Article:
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#1 Jul 30, 2019 7:33 pm

houston
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Avocados

Just wondering, does Grenada farm avocado crops for export?
The delicious, nutty fruit seems to be quite a commodity these days. The egg sized avocados from Mexico sold in the grocery here are no comparison to those jumbo sized ones grown in Grenada and certainly don't taste near as good.

https://www.google.ca/url?sa=i&source=w … 4873964873

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#2 Jul 31, 2019 12:22 pm

Calypso
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Re: Avocados

houston wrote:

Just wondering, does Grenada farm avocado crops for export?
The delicious, nutty fruit seems to be quite a commodity these days. The egg sized avocados from Mexico sold in the grocery here are no comparison to those jumbo sized ones grown in Grenada and certainly don't taste near as good.

https://www.google.ca/url?sa=i&source=w … 4873964873

Your link doesn't work. The avocados are the Haas from Mexico. Small and creamy. I just eat one with some steamed snapper.

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#3 Jul 31, 2019 4:09 pm

houston
Active

Re: Avocados

Try this link.
The articles about the growing popularity of avocados and at the same time, a shortage. I find the Mexican avocados small and solid. Leave them on the counter to ripen and they turn very fast. Hard to catch them just right.

https://torontosun.com/opinion/columnis … -expensive

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#4 Aug 01, 2019 4:50 pm

Expat
Active

Re: Avocados

houston wrote:

Just wondering, does Grenada farm avocado crops for export?
The delicious, nutty fruit seems to be quite a commodity these days. The egg sized avocados from Mexico sold in the grocery here are no comparison to those jumbo sized ones grown in Grenada and certainly don't taste near as good.

https://www.google.ca/url?sa=i&source=w … 4873964873

Yes they do export, maybe in a commercial way, but definitely via traffickers to Trinidad.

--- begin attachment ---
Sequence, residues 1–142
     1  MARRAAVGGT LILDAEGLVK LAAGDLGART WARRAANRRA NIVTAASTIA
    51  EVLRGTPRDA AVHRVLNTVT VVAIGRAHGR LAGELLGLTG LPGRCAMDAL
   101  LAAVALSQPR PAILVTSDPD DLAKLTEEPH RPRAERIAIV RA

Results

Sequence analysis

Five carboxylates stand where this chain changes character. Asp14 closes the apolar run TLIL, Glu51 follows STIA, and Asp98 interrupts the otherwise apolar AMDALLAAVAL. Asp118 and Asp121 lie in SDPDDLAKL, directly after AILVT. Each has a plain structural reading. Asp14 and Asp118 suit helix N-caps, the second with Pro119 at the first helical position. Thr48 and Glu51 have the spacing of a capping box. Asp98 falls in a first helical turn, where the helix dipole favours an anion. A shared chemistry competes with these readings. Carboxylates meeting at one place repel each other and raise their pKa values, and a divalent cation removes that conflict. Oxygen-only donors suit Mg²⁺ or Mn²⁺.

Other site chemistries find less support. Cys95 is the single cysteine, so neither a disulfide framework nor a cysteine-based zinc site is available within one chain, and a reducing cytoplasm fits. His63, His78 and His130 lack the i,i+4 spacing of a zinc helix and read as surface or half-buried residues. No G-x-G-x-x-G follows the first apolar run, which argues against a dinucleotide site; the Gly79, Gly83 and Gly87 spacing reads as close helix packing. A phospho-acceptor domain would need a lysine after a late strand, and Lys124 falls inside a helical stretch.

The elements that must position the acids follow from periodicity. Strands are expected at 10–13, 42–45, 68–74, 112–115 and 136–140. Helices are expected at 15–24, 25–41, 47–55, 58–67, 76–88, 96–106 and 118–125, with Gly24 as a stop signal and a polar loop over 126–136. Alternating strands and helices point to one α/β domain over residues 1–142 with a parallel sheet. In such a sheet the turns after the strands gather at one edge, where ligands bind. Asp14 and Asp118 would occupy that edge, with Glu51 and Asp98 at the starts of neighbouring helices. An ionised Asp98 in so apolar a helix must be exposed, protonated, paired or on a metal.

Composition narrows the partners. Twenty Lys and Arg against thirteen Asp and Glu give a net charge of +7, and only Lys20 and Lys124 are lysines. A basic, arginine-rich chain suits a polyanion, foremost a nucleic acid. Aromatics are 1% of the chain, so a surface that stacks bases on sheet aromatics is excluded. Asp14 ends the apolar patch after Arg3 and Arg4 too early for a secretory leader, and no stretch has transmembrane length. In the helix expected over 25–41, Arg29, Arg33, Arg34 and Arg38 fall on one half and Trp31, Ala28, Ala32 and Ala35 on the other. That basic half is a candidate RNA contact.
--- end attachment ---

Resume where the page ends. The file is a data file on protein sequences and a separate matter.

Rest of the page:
I don't know why, but my Avocados including the big bottle shape one you mentioned have caught their nen nen this year, they have only just survived, and may hardly crop.

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#5 Aug 01, 2019 5:06 pm

Calypso
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Re: Avocados

Expat wrote:
houston wrote:

Just wondering, does Grenada farm avocado crops for export?
The delicious, nutty fruit seems to be quite a commodity these days. The egg sized avocados from Mexico sold in the grocery here are no comparison to those jumbo sized ones grown in Grenada and certainly don't taste near as good.

https://www.google.ca/url?sa=i&source=w … 4873964873

Yes they do export, maybe in a commercial way, but definitely via traffickers to Trinidad.

I don't know why, but my Avocados including the big bottle shape one you mentioned have caught their nen nen this year, they have only just survived, and may hardly crop.

Those large avocados aren't tasty.  We had an abundant number of those avocados ion my grandmother's farm. When it rained we would pick dozens and distribute them to our neighbors. They were, huge , soft and tasteless. My older sister used to take them to make a paste and use it as a facial mask. It softens the skin.

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#6 Aug 01, 2019 9:41 pm

Expat
Active

Re: Avocados

Calypso wrote:
Expat wrote:
houston wrote:

Just wondering, does Grenada farm avocado crops for export?